This line of work includes studies of race differences in patterns of imprisonment among men and among women. Heimer and colleagues’ research (Joseph Lang of UI, Andes Rengifo of Rutgers, and Kecia Johnson of SUNY-Albany) shows that demographic shifts in minority and economically disadvantaged populations are associated with increasing rates of imprisonment for both whites and blacks, although the increases for blacks are somewhat larger.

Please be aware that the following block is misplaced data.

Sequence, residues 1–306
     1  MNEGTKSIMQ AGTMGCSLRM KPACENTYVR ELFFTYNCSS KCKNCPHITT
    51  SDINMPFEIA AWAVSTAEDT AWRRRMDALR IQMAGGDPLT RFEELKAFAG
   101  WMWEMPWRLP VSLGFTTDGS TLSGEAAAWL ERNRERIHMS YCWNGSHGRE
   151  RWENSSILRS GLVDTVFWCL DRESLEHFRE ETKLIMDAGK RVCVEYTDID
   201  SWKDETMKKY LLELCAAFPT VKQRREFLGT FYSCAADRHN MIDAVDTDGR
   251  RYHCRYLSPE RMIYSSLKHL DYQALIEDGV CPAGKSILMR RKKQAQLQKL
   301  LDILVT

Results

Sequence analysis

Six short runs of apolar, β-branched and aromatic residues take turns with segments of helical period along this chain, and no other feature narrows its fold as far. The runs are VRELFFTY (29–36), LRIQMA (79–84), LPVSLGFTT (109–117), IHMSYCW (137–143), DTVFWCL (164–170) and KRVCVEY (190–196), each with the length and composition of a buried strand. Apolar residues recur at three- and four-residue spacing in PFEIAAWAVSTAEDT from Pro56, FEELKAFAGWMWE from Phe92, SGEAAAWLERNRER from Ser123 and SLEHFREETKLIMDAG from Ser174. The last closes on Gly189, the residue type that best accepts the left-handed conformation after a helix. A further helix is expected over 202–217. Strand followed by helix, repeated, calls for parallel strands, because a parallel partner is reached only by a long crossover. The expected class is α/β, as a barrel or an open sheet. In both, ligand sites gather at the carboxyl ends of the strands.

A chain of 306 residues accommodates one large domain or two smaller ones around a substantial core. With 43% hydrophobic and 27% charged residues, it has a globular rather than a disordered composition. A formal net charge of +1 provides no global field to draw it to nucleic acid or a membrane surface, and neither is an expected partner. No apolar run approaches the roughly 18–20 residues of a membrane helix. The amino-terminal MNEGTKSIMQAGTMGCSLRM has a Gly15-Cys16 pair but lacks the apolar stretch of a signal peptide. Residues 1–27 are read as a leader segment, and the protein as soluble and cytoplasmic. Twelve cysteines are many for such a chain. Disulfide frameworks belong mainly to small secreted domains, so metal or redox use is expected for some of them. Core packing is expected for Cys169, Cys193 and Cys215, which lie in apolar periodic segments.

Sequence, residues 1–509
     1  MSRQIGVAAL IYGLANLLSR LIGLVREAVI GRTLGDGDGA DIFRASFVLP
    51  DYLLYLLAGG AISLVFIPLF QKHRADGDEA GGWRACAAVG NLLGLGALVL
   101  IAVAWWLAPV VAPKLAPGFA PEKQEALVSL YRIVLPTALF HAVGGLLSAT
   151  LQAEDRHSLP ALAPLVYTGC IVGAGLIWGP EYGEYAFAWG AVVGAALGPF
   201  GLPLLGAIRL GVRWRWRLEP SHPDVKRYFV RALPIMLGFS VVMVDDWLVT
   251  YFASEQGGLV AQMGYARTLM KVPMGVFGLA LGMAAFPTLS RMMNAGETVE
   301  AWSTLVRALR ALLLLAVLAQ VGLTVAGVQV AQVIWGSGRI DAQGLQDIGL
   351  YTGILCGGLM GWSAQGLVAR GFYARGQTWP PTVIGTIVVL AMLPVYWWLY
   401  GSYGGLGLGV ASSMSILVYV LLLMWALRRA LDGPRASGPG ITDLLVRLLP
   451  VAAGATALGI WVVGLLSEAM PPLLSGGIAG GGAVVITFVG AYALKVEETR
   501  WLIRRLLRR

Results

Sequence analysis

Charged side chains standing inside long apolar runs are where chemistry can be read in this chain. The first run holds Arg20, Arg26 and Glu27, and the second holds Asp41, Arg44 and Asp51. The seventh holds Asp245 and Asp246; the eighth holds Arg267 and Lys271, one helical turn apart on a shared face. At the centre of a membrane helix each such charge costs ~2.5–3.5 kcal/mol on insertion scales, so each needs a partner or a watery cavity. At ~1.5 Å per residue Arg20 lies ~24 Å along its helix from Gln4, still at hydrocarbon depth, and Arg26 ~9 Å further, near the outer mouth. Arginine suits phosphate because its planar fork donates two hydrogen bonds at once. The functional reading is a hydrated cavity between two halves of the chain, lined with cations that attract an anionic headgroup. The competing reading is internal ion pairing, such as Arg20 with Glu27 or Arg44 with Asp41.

This is consistent with what is called the “threat hypothesis” in the sociological literature, and indicates that as minority and economically marginal populations increase, criminal justice practices and other mechanisms of state social control also increase, becoming more punitive. Among women, the research shows that incarceration rates increase as welfare (AFDC/TANF) spending decreases. This parallels earlier studies, by Heimer and other scholars, that show that there is a tradeoff between criminal justice and welfare, on average, such that when one increases the other declines and vice versa.